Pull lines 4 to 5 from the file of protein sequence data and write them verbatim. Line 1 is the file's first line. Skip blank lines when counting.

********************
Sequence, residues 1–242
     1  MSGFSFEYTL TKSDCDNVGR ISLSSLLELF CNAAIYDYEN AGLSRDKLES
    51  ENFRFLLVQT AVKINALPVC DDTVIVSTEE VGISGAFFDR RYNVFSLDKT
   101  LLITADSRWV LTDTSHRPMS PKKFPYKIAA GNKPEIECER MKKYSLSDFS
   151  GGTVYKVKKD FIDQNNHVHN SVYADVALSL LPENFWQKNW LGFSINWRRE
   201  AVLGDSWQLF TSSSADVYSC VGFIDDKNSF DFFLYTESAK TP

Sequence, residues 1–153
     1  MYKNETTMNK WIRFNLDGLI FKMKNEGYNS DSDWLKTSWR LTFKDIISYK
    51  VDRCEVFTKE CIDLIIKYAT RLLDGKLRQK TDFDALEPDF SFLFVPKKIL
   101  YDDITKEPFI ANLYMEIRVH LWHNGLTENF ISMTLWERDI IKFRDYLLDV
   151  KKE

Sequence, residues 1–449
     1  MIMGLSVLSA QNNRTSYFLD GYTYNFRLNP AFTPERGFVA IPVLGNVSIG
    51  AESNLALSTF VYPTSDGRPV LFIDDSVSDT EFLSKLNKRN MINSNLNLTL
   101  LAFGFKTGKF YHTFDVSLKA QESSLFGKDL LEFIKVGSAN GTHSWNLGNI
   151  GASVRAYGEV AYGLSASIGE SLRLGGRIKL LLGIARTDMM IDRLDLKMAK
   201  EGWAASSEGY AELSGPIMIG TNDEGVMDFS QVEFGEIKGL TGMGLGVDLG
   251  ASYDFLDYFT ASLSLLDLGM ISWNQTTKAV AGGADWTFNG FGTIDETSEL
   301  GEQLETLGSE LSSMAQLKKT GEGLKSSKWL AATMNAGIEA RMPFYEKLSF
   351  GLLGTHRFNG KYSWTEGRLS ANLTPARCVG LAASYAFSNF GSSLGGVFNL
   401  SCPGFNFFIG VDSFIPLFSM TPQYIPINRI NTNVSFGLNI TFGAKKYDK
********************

   101  LLITADSRWV LTDTSHRPMS PKKFPYKIAA GNKPEIECER MKKYSLSDFS
   151  GGTVYKVKKD FIDQNNHVHN SVYADVALSL LPENFWQKNW LGFSINWRRE